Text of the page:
Invictus: Vets channel soldier attitude into growing security company in Boynton Beach

Invictus: Vets channel soldier attitude into growing security company in Boynton Beach

Military Veteran Owned Small Business

Former U.S. Marines Phillip Noblin (left), vice president, and Patrick Miller, president, at Invictus,
a Boynton Beach based security services firm. Veterans’ Pathway to Business Success,
a nonprofit, entrepreneurial grant program for Floridas’ Veterans who have served in Afghanistan or
Iraq post 9/11, gave a $30,000 grant to Invictus.

BY EMILY ROACH – PALM BEACH POST STAFF WRITER

Article Link Palm Beach Post

Two special operations Marines with a six-year-old Boynton Beach security company are gearing up with the help of a veterans grant program.

Phillip Noblin and Patrick Miller met in Okinawa, Japan, as 19-year-olds in the U.S. Marine Corps. They worked their way up the ranks together fighting in Iraq and Afghanistan, ultimately landing in Recon.

When they left the service — Noblin was honorably discharged as a staff sergeant after eight years, Miller as a sergeant after six years — it didn’t take long for them to plan out a future as business partners.

And it hasn’t taken long to grow Invictus. That’s Latin for undefeated, but also the name of a William Ernest Henley poem.

“I am the master of my fate: I am the captain of my soul,” are its final lines.

Invictus security company started as a two-man operation and now employs 30.

“We’re getting on people’s radar,” Noblin said. “Our product is a well-trained security officer.”

The company is three-pronged: a security training school, security guard services and mission support.

It is the only security training school in Florida approved through the Department of Veterans Affairs for veterans training school benefits for its Class “D” security class and Class “G” statewide firearms course.

Earlier this year, Invictus received a $30,000 grant from The Veterans’ Pathway to Business Success that allows the two friends, now 33, to reconfigure their offices and expand classes.

But the majority of the money will go to training equipment, such as computers and firearms.

Veterans’ Pathway Executive Director Charlotte Laurent-Ottomane said Invictus is the group’s second grant recipient. But she expects to have funds for six to eight grants a year of $30,000 to $40,000.

Boca Raton resident and Korean vet Jerry Kramer put in the seed money for Veterans’ Pathway, and it is raising money to build a legacy. The grants are aimed at post-Sept. 11 veterans who served in Iraq and Afghanistan.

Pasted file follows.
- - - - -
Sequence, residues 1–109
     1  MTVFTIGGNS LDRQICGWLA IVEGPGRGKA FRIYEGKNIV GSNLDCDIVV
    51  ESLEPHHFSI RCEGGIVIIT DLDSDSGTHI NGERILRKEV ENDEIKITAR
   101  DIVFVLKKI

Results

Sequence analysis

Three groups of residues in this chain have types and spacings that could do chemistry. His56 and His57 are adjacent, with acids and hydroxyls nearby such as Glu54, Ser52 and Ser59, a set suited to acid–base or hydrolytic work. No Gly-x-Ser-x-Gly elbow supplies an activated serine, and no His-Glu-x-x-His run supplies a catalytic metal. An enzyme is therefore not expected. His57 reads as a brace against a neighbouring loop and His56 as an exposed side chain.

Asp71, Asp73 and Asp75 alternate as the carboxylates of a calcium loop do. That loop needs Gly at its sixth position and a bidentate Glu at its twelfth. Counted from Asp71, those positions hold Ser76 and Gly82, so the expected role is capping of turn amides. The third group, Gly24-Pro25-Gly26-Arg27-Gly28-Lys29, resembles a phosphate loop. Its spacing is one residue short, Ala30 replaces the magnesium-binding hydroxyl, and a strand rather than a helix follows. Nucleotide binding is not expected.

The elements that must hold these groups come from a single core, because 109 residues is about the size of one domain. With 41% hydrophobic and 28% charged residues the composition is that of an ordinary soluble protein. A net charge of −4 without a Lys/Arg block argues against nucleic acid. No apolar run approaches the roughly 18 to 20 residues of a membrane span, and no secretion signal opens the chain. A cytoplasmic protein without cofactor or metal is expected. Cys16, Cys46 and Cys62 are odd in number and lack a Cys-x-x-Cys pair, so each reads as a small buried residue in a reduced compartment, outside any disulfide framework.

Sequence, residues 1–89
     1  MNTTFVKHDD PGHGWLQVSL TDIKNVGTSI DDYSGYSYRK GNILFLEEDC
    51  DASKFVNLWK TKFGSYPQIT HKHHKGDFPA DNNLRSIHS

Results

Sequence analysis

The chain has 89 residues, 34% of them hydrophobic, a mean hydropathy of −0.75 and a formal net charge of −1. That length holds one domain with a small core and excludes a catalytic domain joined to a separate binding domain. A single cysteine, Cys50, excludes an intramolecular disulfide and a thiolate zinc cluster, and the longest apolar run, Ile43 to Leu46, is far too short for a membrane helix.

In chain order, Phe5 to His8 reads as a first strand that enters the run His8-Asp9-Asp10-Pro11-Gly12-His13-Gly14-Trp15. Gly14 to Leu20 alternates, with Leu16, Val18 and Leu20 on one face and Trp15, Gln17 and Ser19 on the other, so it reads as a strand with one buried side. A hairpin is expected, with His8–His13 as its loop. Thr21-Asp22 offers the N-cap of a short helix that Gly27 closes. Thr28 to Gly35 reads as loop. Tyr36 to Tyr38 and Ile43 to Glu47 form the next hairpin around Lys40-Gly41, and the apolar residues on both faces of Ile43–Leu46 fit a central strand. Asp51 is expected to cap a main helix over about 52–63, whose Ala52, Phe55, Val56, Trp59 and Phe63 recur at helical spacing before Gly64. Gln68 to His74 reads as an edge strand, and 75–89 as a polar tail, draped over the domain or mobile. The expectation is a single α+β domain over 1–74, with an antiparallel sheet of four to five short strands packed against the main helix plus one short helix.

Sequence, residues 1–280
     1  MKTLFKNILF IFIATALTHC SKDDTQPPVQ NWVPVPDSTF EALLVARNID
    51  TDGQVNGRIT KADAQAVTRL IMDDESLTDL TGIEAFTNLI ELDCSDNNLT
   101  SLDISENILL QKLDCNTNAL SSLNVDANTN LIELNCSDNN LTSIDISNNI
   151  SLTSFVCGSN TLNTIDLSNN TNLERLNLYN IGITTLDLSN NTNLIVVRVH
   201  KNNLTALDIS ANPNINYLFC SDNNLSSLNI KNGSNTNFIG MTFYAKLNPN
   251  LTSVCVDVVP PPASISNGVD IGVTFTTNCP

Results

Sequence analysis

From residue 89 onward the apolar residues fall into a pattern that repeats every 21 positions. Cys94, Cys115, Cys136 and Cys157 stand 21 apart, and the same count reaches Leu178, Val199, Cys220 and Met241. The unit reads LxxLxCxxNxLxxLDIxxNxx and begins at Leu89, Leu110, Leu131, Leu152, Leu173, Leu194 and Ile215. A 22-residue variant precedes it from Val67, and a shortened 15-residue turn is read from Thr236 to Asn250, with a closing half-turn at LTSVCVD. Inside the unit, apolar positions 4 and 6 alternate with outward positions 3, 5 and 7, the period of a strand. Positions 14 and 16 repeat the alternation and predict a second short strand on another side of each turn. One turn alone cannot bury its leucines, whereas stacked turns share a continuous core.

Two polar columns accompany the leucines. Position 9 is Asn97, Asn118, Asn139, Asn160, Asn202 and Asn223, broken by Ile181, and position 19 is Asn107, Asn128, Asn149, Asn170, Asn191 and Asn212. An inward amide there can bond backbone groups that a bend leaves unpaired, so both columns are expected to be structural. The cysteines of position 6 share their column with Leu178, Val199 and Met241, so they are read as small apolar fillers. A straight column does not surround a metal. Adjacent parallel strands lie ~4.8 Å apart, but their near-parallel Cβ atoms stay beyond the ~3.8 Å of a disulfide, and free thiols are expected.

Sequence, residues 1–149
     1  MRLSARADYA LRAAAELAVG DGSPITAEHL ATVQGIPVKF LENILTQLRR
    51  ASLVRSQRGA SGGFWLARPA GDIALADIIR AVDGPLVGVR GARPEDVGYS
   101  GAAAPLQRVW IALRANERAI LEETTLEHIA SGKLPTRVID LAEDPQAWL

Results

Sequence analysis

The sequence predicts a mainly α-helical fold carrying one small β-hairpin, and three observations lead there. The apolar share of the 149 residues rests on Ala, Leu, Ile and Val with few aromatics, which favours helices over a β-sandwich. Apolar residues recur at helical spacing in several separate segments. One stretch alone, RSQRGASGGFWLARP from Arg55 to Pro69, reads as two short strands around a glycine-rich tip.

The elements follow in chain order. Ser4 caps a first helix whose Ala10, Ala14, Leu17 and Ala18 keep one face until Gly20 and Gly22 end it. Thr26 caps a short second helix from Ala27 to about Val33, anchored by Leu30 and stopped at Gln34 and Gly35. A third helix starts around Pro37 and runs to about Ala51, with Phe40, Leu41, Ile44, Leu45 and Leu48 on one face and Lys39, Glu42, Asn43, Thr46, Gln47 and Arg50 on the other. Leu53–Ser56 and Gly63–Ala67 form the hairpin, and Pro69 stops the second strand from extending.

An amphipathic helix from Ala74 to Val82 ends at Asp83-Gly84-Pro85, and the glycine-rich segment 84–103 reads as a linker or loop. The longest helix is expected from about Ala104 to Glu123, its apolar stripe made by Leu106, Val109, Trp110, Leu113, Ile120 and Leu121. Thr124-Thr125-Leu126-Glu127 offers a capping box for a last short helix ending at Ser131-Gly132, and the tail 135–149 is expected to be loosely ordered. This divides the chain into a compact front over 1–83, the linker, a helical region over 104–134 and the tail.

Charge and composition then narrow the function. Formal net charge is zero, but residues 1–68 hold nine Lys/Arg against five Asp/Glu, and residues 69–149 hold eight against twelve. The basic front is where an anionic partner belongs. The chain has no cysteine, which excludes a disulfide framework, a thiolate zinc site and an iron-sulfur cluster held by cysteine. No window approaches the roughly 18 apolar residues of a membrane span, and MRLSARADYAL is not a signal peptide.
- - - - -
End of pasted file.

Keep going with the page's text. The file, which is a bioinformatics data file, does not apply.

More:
Grants are awarded to start-ups and established businesses that aim to expand. Grantees go through an extensive background and are referred to SCORE mentors if their ideas aren’t ready for start-up.

“We follow up with the veterans once we do give the grants, so it’s not just handing out (the money) and goodbye,” Laurent-Ottomane said.

And it is hoped, she said, the veterans become ambassadors for the organization. Invictus was a perfect example of the type of business Veterans’ Pathway wants to help, she said.

Miller was working as a government contractor overseas and taking classes to become a firearms instructor about the time Noblin was getting out of the service. They decided they wanted to do something stateside, something they knew well. Noblin credits Miller with the idea of Invictus.

“I’m tired of going overseas and risking my life, leaving my family,” Miller said of his mindset at the time.

Since Miller “came home” to Boynton Beach where his grandmother lived in between deployments, the two set up base here.

What started on the kitchen table now takes 3900 square feet at 3200 S. Congress Ave., Suite 203.

Along the way they created employment not only for themselves, but for hundreds of other veterans.

“We want to be different,” Noblin said.

Invictus’ training school does that by providing situational, hands-on training. Their students haven’t just watched a video about firing a gun, or working a radio or writing a report, they’ve done it until the “muscle memory” is established, Miller said.

Sometimes they train a person, then employ them with one of their security contracts. That way they know they have a quality security guard.

The two, whose slates are now full, have hired instructors to teach the classes.

In addition to the school, which has classes of 20 to 30 students, Invictus provides security guards for gated communities; ninety percent of its workforce there comes directly from its school.

Also, the company is called in on a temporary basis for uniformed or non-uniformed security when businesses have a need, such as workplace violence prevention. An example is when a company plans to lay off a large number of people and decides to have extra security.

Invictus will work events or executive protection.

And the company provides logistics for government or private organizations in foreign countries — that’s fuel, translators, buses and anything a specific operation needs.

“We’ve supported the U.S. Navy in Haiti and the Dominican Republic,” Noblin said.

Military Veteran Owned Small Business

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